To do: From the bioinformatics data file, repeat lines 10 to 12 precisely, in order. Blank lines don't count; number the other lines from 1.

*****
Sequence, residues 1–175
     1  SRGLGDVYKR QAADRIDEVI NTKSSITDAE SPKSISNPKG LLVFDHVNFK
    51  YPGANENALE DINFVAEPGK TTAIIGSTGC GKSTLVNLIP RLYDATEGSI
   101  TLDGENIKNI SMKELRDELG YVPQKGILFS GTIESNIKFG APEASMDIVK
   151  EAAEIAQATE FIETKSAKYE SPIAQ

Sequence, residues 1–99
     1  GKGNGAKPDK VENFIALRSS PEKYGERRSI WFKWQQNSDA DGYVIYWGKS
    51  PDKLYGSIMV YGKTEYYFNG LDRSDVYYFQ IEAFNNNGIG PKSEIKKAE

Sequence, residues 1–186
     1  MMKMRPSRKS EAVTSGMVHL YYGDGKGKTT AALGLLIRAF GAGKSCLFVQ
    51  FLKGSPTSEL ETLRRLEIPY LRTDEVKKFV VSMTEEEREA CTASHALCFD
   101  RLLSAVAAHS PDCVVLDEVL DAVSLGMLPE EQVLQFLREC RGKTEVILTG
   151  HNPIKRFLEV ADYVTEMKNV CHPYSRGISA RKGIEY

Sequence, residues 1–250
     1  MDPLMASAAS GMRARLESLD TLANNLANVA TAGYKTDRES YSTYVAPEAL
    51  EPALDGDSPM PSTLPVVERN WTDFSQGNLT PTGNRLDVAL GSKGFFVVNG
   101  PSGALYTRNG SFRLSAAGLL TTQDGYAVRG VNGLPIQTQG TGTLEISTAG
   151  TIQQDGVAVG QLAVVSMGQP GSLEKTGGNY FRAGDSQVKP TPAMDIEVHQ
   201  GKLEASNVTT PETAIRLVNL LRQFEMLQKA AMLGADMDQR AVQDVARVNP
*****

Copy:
     1  MMKMRPSRKS EAVTSGMVHL YYGDGKGKTT AALGLLIRAF GAGKSCLFVQ
    51  FLKGSPTSEL ETLRRLEIPY LRTDEVKKFV VSMTEEEREA CTASHALCFD
   101  RLLSAVAAHS PDCVVLDEVL DAVSLGMLPE EQVLQFLREC RGKTEVILTG